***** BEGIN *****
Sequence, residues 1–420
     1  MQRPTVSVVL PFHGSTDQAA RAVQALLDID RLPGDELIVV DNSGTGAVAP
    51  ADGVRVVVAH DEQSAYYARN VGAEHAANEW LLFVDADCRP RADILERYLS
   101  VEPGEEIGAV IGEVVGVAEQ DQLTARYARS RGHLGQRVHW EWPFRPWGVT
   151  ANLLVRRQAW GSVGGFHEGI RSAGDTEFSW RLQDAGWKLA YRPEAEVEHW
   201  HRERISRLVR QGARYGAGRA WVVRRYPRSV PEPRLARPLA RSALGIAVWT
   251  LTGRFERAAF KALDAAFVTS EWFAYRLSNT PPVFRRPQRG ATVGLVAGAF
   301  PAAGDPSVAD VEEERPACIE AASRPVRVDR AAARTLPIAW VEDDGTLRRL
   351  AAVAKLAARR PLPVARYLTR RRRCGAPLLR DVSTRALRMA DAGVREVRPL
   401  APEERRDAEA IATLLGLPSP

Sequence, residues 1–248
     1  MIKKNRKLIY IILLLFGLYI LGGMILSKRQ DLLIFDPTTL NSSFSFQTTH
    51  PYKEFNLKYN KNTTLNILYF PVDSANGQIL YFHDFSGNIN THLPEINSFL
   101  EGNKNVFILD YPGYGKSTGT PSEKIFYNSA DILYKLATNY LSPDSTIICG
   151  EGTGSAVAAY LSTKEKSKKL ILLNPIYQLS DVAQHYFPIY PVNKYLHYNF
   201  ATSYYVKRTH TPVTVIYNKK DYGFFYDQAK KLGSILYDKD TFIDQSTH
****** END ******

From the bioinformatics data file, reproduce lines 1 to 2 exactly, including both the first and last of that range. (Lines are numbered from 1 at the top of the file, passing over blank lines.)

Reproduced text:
Sequence, residues 1–420
     1  MQRPTVSVVL PFHGSTDQAA RAVQALLDID RLPGDELIVV DNSGTGAVAP